The olds would have been a nice package with a 350 but as is are a joke.
    I do agree that the owner is smoking something if he wants $45,000
    People like that are the ones destroying the hobby.

    Like 4
  15. Dan. G

    This car is like a fine wine!! I figured you boys would appreciate that commit with all that wining on the price! You sound like a bunch of old lady’s in the yarn isle complaining about a ten cent increase! The car is mint with 391 miles! Find another one. I bet you guys are the same ones on ebay selling your baseball cards for double what they are worth. To the seller of this gem……I tip a bud light too you my friend” True American Hero Sound in the back” for holding your price with pride knowing the Boy Scouts are bickering in the back but the mullet is blowing in the wind strong!

    Like 8
    • Charles Sawka

      Valid point if this was a real car. No amount of vinyl and trim goodies can change it. Low mileage or not.

      Like 2
    • Jack Hammer

      Yep. You either like it or you don’t. Not a matter of right or wrong.

      Like 1
    • PRA4SNW PRA4SNW Member

      If the seller can find a buyer that appreciates it as much as they do, then 45K might be a deal.
      Therein lies the problem…..

    • Anthony MacNeil

      Good point, don’t pay attention to all the negative comments because I don’t. This is a classic and worth ever penny. This is a beautiful car and it’s in the eye of the beholder.

      Like 2
  16. Dennis Froelich

    The red Olds has the body kit that was offered for those G bodies.
    It also is a Hurst Olds.

    Like to see more of it!!

    Like 1
  17. JoeMac Joe Mac

    They did chirp second gear if that’s any consolation….

    Like 3
  18. Johnjon

    Would rather have a Mustang SVO.

  19. StickyWizard

    Drive it…otherwise what’s the point?

  20. TA

    Engine rebuilders would not take a 307 block for a core exchange last I was in the market for a motor swap. Any eight cylinder for an eight cylinder they would say, then add, except a 307. LOL That has to tell you something.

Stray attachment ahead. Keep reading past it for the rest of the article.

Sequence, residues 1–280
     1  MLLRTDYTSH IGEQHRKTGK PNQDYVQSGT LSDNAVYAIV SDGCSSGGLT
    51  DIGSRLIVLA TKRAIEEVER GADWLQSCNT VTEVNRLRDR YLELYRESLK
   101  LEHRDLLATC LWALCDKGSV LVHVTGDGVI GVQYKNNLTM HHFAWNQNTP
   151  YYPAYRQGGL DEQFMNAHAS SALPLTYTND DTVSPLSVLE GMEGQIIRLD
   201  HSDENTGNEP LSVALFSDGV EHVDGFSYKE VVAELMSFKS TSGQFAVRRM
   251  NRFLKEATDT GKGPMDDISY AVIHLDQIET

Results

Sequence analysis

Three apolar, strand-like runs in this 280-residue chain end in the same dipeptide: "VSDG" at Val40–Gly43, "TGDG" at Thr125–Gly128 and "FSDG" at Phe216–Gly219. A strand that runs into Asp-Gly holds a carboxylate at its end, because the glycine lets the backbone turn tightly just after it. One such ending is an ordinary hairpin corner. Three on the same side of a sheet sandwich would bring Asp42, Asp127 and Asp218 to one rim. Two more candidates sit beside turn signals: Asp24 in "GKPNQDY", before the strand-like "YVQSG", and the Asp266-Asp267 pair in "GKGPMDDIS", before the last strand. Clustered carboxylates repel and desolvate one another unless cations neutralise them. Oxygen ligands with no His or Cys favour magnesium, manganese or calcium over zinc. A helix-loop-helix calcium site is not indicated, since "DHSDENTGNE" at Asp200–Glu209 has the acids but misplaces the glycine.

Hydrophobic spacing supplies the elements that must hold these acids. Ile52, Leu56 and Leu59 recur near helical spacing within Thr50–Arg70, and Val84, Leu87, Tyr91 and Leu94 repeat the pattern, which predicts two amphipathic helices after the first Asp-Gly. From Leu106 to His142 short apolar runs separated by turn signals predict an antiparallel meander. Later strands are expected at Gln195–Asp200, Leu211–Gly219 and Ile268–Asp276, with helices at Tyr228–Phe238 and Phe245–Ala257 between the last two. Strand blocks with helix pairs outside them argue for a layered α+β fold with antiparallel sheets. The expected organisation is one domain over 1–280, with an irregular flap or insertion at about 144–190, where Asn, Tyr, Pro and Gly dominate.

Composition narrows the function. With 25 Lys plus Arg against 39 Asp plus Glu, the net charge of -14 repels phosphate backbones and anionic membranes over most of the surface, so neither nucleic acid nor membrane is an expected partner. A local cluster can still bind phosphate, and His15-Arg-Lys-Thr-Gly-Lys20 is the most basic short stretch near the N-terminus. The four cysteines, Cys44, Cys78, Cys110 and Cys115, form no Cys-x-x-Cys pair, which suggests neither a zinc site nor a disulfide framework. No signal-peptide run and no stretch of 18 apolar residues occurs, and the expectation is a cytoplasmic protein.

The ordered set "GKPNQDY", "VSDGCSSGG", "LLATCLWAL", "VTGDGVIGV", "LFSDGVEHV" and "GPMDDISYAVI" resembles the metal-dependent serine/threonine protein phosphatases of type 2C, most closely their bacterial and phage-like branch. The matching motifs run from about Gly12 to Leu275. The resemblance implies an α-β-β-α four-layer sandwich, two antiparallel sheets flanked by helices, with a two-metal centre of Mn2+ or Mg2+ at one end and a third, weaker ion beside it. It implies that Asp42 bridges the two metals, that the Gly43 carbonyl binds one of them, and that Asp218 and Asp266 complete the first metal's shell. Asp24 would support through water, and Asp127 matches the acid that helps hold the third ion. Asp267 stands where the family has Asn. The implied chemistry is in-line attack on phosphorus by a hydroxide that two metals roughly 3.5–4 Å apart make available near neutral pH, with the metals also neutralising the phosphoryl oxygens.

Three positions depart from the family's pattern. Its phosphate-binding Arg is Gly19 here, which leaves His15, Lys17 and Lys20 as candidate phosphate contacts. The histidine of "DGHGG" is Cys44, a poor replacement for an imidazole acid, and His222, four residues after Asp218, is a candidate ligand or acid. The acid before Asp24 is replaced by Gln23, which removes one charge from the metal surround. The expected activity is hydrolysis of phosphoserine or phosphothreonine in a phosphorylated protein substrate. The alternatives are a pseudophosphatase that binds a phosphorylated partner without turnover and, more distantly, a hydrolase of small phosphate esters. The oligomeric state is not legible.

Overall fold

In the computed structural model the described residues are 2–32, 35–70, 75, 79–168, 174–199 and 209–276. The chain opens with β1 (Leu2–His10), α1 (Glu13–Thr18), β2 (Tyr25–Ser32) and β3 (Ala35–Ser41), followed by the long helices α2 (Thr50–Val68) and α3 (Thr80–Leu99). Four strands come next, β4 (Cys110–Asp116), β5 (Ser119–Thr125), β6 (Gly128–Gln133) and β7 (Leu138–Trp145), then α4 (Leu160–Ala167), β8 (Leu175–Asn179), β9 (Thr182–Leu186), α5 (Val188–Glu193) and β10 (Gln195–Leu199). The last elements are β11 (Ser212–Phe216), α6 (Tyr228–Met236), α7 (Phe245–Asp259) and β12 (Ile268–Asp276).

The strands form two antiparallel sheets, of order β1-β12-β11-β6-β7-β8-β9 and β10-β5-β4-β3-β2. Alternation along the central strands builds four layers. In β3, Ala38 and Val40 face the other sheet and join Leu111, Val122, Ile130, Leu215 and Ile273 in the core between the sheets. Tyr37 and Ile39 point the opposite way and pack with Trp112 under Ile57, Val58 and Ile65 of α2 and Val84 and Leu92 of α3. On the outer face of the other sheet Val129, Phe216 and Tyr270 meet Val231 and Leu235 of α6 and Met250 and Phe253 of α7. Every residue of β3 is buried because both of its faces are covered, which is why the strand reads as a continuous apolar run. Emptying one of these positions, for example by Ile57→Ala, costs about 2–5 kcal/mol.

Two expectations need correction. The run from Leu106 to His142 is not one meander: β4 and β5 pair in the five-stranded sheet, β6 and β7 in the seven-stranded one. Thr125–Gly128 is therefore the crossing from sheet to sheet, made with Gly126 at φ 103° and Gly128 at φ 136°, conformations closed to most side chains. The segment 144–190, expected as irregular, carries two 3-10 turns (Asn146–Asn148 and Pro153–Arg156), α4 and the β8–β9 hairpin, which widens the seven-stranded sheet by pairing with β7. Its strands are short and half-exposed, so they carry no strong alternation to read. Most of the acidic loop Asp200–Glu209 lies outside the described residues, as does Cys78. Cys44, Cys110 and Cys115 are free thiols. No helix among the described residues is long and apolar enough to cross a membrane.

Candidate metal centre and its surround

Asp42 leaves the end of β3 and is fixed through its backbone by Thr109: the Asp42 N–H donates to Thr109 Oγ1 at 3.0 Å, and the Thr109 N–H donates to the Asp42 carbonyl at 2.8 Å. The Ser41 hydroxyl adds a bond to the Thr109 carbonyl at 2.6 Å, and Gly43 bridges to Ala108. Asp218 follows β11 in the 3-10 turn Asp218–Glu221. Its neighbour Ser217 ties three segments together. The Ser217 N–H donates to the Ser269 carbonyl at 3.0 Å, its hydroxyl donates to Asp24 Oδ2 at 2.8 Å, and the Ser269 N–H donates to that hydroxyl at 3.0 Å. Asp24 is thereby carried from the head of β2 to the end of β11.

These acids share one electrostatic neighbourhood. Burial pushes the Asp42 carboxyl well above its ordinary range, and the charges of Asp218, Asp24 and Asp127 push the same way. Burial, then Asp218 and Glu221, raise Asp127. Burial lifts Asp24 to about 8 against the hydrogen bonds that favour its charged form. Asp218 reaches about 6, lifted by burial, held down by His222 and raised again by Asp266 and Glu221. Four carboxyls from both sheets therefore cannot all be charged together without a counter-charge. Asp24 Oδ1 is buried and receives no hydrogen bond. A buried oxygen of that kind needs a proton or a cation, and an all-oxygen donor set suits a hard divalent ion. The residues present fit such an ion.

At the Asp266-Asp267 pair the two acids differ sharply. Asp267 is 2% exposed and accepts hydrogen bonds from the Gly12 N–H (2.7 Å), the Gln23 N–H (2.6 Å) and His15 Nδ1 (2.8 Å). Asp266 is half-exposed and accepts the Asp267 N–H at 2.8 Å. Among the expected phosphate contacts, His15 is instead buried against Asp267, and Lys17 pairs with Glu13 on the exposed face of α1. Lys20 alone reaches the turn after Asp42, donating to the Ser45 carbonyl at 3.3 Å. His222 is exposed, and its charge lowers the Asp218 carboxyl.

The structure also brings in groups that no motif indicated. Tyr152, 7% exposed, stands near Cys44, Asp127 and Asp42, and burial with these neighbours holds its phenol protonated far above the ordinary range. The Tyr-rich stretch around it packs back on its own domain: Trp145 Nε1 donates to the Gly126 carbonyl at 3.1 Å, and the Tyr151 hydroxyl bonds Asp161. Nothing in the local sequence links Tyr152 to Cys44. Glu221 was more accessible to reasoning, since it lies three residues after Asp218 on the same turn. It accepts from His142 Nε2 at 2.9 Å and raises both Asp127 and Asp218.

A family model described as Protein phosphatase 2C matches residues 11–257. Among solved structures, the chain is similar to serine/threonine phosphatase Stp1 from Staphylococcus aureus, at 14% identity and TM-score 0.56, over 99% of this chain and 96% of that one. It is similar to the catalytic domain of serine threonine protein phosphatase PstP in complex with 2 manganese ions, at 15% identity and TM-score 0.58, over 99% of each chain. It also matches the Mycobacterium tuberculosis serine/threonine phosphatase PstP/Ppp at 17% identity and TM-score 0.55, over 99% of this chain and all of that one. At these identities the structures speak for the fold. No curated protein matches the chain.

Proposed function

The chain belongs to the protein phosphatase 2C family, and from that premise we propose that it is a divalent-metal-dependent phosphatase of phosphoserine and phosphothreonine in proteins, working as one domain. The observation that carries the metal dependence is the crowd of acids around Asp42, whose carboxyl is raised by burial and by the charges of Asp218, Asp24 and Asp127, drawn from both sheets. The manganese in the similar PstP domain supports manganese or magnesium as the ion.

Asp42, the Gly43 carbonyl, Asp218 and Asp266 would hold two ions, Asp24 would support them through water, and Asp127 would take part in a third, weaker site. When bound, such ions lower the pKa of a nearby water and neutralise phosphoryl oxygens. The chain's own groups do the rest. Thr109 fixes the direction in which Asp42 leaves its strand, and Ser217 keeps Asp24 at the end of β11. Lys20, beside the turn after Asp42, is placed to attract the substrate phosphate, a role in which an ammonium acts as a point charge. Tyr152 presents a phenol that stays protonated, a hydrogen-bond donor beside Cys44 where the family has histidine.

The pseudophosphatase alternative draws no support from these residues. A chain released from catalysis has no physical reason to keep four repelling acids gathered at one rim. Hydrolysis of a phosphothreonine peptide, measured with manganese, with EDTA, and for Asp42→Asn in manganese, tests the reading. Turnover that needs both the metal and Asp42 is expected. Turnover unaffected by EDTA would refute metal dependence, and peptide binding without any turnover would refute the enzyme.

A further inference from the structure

• Dan


  21. Roger h

    The bodystyle has gotten better with age IMO they are a cruiser I don’t know if I consider it like a muscle car but it’s a nice car though I grew up in the 80 I have an 82 Cutlass Supreme I’ve had it for 8 years I love the way it drives I don’t need no 8 900 horsepower in it anyways

    Like 4
  22. Austin

    I have an 83 hurst olds with 188.9 miles still in the wrapper. Has more options than this one too, mine has power antenna, trunk carpet kit and digital clock with cloth interior, have all the papers from cars and concepts, its the car featured in muscle machines buyers guide March 2020.

    Like 4
    • Dan

      This one has power antenna 🙄

  23. BG

    It’s official – we are in a bubble

    Like 1
  24. Erik Gutierrez

    For that price I Rather buy a 86-87 buick t type or Grand national or gmc typhoon syclone
    True Horsepower sleeper’s

    Like 1
  25. theGasHole

    I had an 84 H/O a few years back. Like others have said, not a lot in the power category, but what was in 1983/1984? At least give some credit to Olds for doing SOMETHING different during those terrible car times.
    The Lightening Rod shifters got many of looks when I had my H/O, but the novelty of using them quickly wore off for me. I ended up selling mine with 52k miles on it and very clean condition for $8500 (just to bench mark prices).

    Like 1
  26. Anthony

    Honestly, some of these comments, are Gino in nature. This is a classic ride, make no mistake. I applaud the owner to the care he took with keeping it this in showroom condition, it says alot about the person. As for price it’s very fair considering what your getting, basically a new car. Personally, I’d ignore all the negative comments. The car is still for sale and I will be buying it shortly. It will be getting a new home in Nova Scotia. Cheers

    Like 2